looks like I might be watching a lot of YouTube videos on gaited horses!
 

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Discussion Starter · #5 ·
You can teach a canter. They'll always naturally gait but you can control it. Hold in a running walk on a walker and you get a walk. they'll always have longer strides and move different than a quarter horse though. But they can canter for sure, it just takes training to maintain it. Just like it takes training to train a colt to hold a steady, nice canter.
this is what I was thinking. Thanks!
 

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You can teach them to trot and canter. Mine was taught to trot by a teenager that was riding her at my place. She liked to post to it, I feel like the trot is blah. I prefer her not to trot.
 
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Yes, you can teach a gaited horse to trot. You should have a separate cue for the trot than the gait. Something to keep in mind is that if a gaited horse trots naturally, it could mean that something is wrong. It could be an improper hoof trim or a body out of alignment (chiropractor time). Or, it could be from bad breeding. Usually, though, a TWH naturally trotting is not a good thing.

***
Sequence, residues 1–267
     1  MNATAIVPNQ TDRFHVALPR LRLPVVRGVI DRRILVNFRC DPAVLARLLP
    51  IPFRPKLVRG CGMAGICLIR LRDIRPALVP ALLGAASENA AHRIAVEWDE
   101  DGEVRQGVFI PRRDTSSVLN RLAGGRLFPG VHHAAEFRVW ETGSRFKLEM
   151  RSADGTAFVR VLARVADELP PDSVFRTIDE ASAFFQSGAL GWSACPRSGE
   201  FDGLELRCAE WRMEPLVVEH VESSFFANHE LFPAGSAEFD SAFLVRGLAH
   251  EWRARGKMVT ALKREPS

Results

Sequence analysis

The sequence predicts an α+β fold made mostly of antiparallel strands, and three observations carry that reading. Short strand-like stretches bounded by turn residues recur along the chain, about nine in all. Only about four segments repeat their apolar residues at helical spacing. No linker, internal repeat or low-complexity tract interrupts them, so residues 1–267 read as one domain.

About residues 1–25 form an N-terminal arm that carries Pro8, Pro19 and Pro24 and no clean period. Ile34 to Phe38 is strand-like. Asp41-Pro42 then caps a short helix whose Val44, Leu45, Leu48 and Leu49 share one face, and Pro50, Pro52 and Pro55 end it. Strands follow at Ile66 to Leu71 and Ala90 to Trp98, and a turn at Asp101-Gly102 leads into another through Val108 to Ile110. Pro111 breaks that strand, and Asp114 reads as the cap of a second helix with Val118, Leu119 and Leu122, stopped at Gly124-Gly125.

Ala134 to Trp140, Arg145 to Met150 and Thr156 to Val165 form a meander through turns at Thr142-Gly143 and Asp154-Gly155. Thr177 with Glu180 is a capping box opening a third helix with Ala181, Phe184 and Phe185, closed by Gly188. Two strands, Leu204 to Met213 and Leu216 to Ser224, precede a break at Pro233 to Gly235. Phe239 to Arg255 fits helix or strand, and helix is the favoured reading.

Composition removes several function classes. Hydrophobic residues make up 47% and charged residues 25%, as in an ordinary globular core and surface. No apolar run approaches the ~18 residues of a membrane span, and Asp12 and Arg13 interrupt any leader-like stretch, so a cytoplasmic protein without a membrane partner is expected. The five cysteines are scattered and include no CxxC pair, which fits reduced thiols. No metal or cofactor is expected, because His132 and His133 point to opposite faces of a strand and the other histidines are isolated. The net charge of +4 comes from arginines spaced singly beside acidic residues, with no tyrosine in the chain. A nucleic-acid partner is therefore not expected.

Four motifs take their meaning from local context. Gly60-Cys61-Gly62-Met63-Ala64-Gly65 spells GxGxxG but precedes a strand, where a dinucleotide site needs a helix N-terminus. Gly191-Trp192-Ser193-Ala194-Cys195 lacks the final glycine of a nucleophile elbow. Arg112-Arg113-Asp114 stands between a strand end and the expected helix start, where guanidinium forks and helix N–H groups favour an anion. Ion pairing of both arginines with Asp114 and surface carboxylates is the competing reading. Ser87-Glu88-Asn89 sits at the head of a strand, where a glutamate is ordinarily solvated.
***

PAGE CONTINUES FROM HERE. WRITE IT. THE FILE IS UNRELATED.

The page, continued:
Yes, you can teach a gaited horse to canter. In fact, many love to canter because it is easier than gaiting. Some have a harder time of it because some (owners) never let them canter, but with practice and time, they can and do canter well.

As for gaited dressage and trotting/cantering with a gaited horse, Jennifer Klitzke's YouTube and Website are good resources.

As for "fairness", it depends. It could be "fair" because trotting is easier than gaiting, so the horse will like that, but first, you must overcome the natural movement and breeding of the horse - which can be rather hard.
If the horse has never trotted before or not that much, the trotting muscles and muscle memory will likely not be there. It'll take a lot of work to strengthen the back and hind-end muscles and a lot of time until the muscle memory develops. For some, this may not come, and gaiting will forever be the "go-to."